An acute type of glaucoma, called angle-closure glaucoma, can present sudden symptoms such as foggy, blurred vision, halos around lights, eye pain, headache and even nausea. This is a medical emergency and should be assessed immediately as the intraocular pressure can become extremely high and cause permanent damage within hours.

Types of Glaucoma

The primary forms of glaucoma are open-angle and narrow-angle, with open-angle being the most common type.

Primary open-angle glaucoma (POAG)

POAG gradually progresses without pain or noticeable vision loss initially affecting peripheral vision.  By the time visual symptoms appear, irreparable damage has usually occurred, however, the sooner treatment starts the more vision loss can be prevented.  When untreated, vision loss will eventually result in total loss of side vision (or tunnel vision) and eventually total vision loss.

Normal-tension glaucoma or low-tension glaucoma

This is another form of open-angle glaucoma in which the intraocular pressure remains within the normal level. The cause of this form of glaucoma is not known, but it is believed to have something to do with insufficient blood flow to the optic nerve, causing damage. Individuals of Japanese descent, women and those with a history of vascular disease or low blood pressure are at higher risk.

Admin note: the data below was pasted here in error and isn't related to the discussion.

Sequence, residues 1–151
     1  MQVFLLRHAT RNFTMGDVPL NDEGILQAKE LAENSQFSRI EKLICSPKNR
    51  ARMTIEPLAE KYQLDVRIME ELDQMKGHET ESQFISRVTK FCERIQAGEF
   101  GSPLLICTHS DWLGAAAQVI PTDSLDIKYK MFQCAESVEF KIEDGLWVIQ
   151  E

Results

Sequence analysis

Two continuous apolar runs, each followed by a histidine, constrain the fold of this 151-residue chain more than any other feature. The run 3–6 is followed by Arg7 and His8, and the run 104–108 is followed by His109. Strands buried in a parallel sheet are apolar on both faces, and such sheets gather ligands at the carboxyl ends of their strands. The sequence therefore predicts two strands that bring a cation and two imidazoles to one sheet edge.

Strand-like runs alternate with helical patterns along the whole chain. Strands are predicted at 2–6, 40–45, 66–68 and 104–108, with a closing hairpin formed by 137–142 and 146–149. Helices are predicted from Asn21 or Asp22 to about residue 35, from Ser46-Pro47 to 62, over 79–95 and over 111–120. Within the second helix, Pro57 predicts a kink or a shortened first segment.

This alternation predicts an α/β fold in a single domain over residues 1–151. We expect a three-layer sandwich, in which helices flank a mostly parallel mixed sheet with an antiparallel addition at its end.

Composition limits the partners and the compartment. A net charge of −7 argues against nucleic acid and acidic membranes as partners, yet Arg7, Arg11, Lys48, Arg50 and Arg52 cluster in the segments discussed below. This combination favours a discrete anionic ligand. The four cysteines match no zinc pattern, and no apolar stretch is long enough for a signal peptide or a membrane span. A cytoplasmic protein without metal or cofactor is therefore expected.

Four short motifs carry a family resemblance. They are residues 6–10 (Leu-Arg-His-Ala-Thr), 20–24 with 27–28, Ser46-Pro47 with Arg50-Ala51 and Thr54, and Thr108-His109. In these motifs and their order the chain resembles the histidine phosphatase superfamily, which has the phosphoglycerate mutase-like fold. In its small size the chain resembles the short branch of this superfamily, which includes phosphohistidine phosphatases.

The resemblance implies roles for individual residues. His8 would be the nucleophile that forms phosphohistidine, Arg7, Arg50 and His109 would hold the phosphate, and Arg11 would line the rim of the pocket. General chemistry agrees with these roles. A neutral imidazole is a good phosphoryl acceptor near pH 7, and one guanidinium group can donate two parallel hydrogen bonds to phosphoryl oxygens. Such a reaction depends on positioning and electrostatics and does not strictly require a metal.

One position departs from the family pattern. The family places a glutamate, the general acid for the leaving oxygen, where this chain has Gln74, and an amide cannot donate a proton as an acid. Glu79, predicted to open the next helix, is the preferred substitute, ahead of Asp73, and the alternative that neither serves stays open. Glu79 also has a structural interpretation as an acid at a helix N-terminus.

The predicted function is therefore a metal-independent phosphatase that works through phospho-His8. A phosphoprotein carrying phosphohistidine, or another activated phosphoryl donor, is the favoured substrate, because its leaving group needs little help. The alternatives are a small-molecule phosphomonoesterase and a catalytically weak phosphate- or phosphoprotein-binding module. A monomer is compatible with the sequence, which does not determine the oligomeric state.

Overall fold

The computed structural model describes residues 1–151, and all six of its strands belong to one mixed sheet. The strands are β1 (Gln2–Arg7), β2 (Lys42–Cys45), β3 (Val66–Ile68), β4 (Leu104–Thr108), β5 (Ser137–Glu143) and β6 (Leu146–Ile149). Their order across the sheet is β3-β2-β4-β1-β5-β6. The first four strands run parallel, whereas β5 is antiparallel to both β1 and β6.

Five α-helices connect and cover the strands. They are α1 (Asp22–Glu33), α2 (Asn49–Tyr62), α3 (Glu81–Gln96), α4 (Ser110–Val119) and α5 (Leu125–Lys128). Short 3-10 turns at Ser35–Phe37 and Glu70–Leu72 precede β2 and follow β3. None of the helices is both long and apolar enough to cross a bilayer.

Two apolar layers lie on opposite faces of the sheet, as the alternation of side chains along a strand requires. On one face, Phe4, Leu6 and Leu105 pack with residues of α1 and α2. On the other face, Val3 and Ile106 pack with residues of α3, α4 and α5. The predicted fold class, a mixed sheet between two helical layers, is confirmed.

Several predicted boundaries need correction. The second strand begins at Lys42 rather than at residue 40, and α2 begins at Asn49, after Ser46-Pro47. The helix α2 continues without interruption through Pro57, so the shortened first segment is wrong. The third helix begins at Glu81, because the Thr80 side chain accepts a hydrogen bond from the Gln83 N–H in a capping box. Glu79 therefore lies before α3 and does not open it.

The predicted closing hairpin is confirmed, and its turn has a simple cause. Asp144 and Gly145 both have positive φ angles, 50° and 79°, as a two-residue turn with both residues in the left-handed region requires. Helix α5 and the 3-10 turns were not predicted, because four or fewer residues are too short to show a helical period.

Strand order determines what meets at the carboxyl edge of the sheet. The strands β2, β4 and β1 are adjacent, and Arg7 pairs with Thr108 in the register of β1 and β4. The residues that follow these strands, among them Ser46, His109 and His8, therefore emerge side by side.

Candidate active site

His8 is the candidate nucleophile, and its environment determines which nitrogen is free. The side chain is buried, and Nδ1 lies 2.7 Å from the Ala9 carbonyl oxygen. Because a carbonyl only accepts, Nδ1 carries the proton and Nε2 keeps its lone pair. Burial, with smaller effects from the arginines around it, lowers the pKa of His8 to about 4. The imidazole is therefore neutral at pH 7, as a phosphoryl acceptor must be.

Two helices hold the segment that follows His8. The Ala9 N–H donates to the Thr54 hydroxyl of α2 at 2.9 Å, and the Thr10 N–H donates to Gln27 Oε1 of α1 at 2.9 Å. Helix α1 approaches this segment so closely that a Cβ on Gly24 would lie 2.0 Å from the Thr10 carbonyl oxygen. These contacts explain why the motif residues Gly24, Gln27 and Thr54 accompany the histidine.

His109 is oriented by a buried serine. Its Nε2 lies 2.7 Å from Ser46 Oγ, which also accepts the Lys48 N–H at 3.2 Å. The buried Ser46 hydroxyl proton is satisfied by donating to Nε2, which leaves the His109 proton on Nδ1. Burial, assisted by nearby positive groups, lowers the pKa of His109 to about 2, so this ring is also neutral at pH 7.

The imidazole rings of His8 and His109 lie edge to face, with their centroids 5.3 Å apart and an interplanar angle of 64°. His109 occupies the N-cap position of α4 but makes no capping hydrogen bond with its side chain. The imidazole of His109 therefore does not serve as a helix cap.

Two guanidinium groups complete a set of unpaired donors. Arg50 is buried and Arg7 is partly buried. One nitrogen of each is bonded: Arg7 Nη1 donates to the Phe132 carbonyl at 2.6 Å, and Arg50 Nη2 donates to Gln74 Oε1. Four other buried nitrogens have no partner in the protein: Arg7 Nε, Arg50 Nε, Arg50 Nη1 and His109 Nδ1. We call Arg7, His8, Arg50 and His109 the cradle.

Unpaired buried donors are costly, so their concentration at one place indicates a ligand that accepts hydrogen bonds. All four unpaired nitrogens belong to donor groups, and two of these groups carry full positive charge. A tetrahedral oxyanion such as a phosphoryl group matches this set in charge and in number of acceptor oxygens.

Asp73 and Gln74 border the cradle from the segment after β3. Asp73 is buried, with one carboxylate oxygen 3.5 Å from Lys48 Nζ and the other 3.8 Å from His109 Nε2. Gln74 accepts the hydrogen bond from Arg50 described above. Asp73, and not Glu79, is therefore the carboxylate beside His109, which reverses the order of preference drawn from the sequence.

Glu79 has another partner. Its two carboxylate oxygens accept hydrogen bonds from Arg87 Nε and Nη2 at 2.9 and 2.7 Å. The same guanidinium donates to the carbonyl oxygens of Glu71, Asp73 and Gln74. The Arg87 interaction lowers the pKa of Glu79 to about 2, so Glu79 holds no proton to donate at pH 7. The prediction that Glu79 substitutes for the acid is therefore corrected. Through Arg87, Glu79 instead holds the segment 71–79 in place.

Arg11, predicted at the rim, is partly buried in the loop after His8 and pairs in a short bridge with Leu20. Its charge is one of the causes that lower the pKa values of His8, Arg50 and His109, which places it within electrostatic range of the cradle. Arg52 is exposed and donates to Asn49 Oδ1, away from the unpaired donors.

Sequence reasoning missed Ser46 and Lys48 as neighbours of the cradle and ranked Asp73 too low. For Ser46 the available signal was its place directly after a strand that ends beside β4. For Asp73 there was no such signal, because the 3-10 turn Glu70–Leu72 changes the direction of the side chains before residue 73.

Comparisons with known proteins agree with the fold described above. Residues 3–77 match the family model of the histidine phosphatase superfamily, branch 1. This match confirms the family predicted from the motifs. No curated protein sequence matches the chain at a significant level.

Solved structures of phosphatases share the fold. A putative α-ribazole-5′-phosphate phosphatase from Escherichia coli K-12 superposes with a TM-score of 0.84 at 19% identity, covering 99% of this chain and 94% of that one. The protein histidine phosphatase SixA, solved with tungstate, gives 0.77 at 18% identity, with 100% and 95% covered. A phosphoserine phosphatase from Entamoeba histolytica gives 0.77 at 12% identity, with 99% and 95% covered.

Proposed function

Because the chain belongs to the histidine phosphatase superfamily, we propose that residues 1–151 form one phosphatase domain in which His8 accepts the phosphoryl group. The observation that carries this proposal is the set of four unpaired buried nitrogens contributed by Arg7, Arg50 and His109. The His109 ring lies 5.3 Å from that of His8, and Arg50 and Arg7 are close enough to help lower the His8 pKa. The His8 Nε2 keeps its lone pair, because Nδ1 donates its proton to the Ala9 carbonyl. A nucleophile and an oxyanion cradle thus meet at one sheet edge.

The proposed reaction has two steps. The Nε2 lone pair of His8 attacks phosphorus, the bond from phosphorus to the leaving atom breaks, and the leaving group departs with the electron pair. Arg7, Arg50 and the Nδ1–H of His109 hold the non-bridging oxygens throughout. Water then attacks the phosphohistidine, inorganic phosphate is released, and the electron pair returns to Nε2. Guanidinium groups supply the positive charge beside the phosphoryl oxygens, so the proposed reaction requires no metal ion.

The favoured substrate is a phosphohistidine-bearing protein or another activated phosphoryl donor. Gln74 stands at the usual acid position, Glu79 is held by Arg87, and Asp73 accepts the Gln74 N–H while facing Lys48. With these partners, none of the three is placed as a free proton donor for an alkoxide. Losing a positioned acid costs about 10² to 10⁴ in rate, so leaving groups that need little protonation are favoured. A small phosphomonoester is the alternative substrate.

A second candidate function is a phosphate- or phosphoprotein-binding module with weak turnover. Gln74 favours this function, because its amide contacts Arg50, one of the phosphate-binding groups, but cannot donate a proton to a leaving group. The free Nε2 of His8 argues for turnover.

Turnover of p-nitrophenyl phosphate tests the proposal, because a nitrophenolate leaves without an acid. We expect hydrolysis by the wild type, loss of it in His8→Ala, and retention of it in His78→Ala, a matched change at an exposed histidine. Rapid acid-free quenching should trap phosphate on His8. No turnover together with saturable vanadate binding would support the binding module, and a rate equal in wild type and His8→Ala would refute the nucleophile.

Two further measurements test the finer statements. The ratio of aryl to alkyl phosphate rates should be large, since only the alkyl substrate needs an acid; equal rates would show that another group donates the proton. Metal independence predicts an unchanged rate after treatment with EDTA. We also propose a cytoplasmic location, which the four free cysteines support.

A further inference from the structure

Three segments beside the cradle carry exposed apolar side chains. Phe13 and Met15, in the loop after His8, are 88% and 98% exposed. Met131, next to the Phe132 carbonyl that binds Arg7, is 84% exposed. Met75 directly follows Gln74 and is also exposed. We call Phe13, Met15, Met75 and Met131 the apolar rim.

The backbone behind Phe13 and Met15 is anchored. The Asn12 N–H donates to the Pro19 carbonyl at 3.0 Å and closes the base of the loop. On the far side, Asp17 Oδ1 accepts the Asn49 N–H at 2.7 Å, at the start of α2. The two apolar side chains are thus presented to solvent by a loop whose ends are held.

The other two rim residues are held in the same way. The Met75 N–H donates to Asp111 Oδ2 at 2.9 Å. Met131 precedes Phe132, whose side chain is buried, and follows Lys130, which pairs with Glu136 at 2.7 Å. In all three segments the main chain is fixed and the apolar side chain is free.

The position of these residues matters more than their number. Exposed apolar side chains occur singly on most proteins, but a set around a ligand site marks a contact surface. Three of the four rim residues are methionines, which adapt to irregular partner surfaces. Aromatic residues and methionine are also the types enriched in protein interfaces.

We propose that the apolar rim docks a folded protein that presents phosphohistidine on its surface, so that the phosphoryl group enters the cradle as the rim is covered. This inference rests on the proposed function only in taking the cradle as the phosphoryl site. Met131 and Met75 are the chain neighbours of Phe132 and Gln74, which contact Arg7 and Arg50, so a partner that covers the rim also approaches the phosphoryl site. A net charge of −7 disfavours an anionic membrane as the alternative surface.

Angle-closure glaucoma

Acute angle-closure glaucoma is marked by a sudden increase in eye pressure, which can cause severe pain, blurred vision, halos, nausea, and headaches. The pressure is caused by a blockage in the fluid at the front of the eye which is a medical emergency and should be treated immediately. Without prompt treatment to clear the blockage vision can be permanently lost.

Congenital glaucoma

The inherited form of the disease that is present at birth. In these cases, babies are born with a defect that slows the normal drainage of fluid out of the eye; they are usually diagnosed by the time they turn one. There are typically some noticeable symptoms such as excessive tearing, cloudiness or haziness of the eyes, large or protruding eyes or light sensitivity. Surgery is usually performed, with a very high success rate, to restore full vision.

Secondary glaucomas